Good luck with all the practices. You are in a fine time of life, for sure!

  13. Loved this post. So encouraging to see how God opens new doors for us in different life stages.

  14. I am one of those mamas of four, and I thank you for your applause because at the end of the day, I have neither the time nor the energy to applaud myself. I am 46. I have a girl who is a Senior this year, a girl who is in 8th grade, a boy who is in first grade, and a girl who is four. High school, middle school, elementary school and preschool are all in different places and start and end at different times. We sacrifice financially so I can stay home and be the bus driver/nutritionist/personal chef/maid/laundry lady/”drama coach”. The boy is playing football and has practice three nights each week plus games on Saturday, and this week they threw in a mandatory pep rally on Friday night. I, too, was surprised by the commitment football requires. Especially because HE IS SIX! The middle schooler is in band and has lots of band related activities. Senior year is just all together crazy. The little one spends a lot of the day asking me to hold her. (Yesterday, I told her I didn’t have time, then looked at her precious little face and picked her up. My oldest called me a ‘sucker’. I know that too soon, she won’t ask anymore.) I am pulled in at least five different directions every single day, and while it is exhausting, I honestly feel like this is the best time of my life (so far).

    Giddy up, indeed!

  15. Oh, I love this post and all the comments. Wanted you to know Sophie that I have the Big Boo podcast on my phone and have listened to all of them. My BFF says they sound just like we would if we were talking to each other. When I can’t calm down my racing mind at night, and need to go to sleep, because 5:30am is so early, I listen to the podcasts. I laugh to myself and relax enough to drift off peacefully. It is like you and Melanie are telling me a bedtime story. Can’t wait for the new book!

  16. Julie in Michigan says:

    Great post Sophie, yeah for the new book coming out soon and for being there for the girls at school! I feel great being 45, you will too!

  17. “..see how Light ripples and bounces when it gets to shine in dark places.”

    Isn’t this just so beautiful?? I love this Sophie. I absolutely love and admire what you are doing in that school. Girlfriend….it makes a difference! Oh how I wish I had a Boomama in my life back in the day. I know you are loving them so well.

    Thankful for all you are doing. You reflect His light wonderfully.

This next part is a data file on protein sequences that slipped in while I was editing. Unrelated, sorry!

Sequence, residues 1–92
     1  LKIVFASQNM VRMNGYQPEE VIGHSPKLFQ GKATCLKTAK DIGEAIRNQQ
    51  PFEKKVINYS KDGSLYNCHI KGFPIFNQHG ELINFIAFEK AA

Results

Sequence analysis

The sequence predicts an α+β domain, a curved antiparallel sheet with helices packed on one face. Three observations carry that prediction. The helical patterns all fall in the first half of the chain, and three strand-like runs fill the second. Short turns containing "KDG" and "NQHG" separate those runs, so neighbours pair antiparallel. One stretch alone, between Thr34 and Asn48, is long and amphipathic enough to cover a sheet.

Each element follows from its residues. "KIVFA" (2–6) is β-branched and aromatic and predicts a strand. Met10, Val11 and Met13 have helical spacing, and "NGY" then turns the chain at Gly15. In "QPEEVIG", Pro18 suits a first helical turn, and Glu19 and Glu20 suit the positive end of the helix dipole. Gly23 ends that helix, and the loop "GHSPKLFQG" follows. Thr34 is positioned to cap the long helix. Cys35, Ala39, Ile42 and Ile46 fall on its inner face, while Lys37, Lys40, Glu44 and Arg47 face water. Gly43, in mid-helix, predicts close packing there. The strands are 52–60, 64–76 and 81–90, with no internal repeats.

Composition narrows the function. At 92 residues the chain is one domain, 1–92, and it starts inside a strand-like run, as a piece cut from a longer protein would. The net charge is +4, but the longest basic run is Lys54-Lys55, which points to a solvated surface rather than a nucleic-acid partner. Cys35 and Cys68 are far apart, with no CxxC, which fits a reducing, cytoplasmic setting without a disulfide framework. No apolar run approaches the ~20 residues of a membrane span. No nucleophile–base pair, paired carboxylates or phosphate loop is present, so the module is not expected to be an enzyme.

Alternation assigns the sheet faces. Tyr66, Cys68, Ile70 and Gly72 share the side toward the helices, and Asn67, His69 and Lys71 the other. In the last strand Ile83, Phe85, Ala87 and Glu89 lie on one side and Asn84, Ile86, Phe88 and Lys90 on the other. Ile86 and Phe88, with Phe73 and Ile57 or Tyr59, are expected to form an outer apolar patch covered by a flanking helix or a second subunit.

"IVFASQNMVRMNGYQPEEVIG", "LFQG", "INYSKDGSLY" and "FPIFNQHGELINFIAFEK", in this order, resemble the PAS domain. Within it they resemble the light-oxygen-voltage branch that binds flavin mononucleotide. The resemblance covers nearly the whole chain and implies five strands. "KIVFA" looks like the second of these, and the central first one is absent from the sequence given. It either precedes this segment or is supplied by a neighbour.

18. If you think this is rambling, Sophie, then ramble on! I loved every single word of this post!

  19. Oh, Sophie! I need you to know what a love note from the Lord this was for me!! I am also in my first few months of transitioning out of the classroom (3rd grade) to an office setting at my school. I think I cried every day the first few weeks. I missed having “my kids” so badly! I finally stepped back and realized that the Lord knows so much better than I do. Even though I feel out of place and I have struggled with finding my footing, He has given me so many opportunities to love on teachers. This is my new mission field. Thank you so much for sharing your experience! It has reminded me again today that I am not alone.

  20. I’m grateful for you and your role at the high school! I hope Paige comes to see you. Wait – can I come see you?? Ha…… And, BTW, I just turned 45 for the 4th time – and it won’t go away! Have a great day! Keep writing and sharing –

  21. Love this post so much. I’m a mom of 4…3 of them are boys. All of our children were involved in sports that pretty much took up time all year. One went from football to basketball to soccer…while our daughter was a swimmer, and that was year-round . We tried to make it all…the practices, the games, the meetings. We did a lot of “tag-teaming.” You are right…it can be exhausting. You just have to decide what you want your “family time” to look like during this season…and be flexible. For us, having dinner together at home was very important…and somewhere along the line I figured out that it didn’t HAVE to be at home…around our table. It might be at McDonald’s before the game…or after. Or sandwiches in the park at the field…or in the car at Sonic…or in the bleachers with a meal from the concessions stand. We made wherever we were our family time…and it was a precious time, whether it was 20 minutes or an hour. We blocked everything else out…we prayed no matter where we were, helped them with their homework, talked…and did our best to show our kids that we were engaged in what was going on with them. It gets harder the older they get…bc of the amount of homework they had. Remember that this is just a season…and enjoy it. :) Can’t wait for your new book!

  22. Oh Boo, you did lots of good with his one. It’s the beginning of October, the week after my little towns mega, once every 4 years, Homecoming Extravaganza, and I am TIIIIRRRREEEddd. I have 4 kiddos-one in college, one in High School, one in Junior High, and one in Elementary. We’re ALL tired right now, no one fusses about bedtime, NO ONE. But it’s all such good stuff, even the Cross Country workout at 6 a.m. And listening is challenge for me because my ADD brain wants to announce/suggest/shout random/interesting/funny things in the middle of my 12 yr old daughters discussion of her day, and if I don’t listen someday she’ll stop talking. God please keep one hand over my mouth and one hand on my shoulder!